Finding this feeling required total passivity and patience, intense concentration, unending curiosity and attention to what uke wanted to do. It demanded a total lack of interest in what was happening, which I sometimes compared to training with the same attitude and lack of concern I would use to flip channels with a remote – even if a 250 pound uke was flying at me with intent to crush. It was a difficult state to put myself in, and my success in tapping into the “feeling” was infrequent at best. But when it happened, it would leave me wordless and thoughtful for hours. And still I would have given it all up in a heartbeat to feel “normal” and healthy again.

I trained this way regularly for about six months – trying to be totally languid, and achieving relative success in staying conscious despite the fact that a “fade-to-black” threatened me every moment I was in my dogi. In Spring of 2002, I saw yet another specialist, who took me off my medication. I had been on strong prescriptions of pseudoephedrine/guafin (a decongestant), as it was the only medicine that had helped me breathe, sleep and maintain a semblance of normalcy.

After the medication was out of my system, the blackout pressure stopped! My doctors suggested that my reactions were very unusual and pronounced, and that the drug was probably causing heart arrhythmia when I trained. I even got to wear a portable electrocardiogram monitor to the Dojo to see if my heart was damaged. My chest was harnessed and wired all over, although not all the contacts stayed in place through class. Fortunately, it seems my heart suffered no lasting damage. Then, in late 2003, I had corrective surgery which further improved my quality of life.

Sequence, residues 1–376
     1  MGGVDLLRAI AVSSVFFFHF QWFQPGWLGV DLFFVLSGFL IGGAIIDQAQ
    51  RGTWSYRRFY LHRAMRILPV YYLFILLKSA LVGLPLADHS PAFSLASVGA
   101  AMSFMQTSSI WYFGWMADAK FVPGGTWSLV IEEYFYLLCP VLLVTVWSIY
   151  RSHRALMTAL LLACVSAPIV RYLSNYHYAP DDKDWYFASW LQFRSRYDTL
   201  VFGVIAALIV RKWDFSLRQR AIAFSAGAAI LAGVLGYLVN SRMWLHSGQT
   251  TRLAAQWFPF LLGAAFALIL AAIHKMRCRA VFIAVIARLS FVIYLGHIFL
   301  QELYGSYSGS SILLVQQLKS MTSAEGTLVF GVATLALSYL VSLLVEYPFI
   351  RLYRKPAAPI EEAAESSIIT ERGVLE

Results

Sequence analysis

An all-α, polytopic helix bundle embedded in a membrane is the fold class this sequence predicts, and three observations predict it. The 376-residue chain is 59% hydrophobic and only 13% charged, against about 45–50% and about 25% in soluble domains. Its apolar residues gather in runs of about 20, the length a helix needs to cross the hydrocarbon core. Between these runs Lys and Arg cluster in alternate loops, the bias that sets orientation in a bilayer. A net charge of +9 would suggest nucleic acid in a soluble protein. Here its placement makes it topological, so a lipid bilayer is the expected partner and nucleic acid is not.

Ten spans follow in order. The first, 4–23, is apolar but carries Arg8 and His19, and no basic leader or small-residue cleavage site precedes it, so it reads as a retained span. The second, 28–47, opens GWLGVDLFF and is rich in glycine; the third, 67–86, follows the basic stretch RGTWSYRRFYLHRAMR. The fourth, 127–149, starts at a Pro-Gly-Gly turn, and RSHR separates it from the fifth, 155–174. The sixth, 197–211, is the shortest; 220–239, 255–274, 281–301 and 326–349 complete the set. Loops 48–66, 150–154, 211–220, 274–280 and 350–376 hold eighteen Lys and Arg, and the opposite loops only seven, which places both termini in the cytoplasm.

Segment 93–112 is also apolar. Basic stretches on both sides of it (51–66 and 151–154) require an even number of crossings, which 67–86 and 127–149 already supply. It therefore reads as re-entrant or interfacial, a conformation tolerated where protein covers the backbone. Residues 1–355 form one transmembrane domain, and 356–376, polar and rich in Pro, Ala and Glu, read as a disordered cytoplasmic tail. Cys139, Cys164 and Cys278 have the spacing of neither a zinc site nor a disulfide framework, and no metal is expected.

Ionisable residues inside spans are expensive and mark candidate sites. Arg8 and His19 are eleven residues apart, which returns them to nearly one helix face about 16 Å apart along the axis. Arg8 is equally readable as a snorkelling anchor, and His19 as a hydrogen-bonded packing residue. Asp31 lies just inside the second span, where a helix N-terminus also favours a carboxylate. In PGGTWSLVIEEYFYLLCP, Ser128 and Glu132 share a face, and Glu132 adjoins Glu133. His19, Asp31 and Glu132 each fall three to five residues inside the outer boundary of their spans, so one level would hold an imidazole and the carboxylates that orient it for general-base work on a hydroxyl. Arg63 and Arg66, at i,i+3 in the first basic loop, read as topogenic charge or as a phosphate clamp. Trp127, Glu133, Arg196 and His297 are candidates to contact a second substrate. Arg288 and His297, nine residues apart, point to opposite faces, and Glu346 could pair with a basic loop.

So while my health was still messed up in other ways, my old level of training could resume. I currently am no longer haunted by the threat of black-outs, and am left with only the memory of the taste of something indescribable. I can’t honestly say I’ve replicated the experience since recovering. But the experience has definitely changed my training. I find myself uninterested in technique – the particulars of better arm-twisting and wrist-bending. All I want is to look inside what’s happening, to try to find that feeling of communication and effortlessness and magic.

I had received difficult, unrequested lessons from a very harsh and scary source, and even now I can’t say that I’d do it all over again. My instructor tells me I should just consider myself fortunate, that most people have to become old and incapacitated before they are exposed to that side of the Art. Certainly I am still early in my aikido development – I am a sandan, and lay claim to no special level of skill or talent. But I can say that for the next 20 years, my hunt will be for something that I would simply never have encountered without experiencing incapacitation.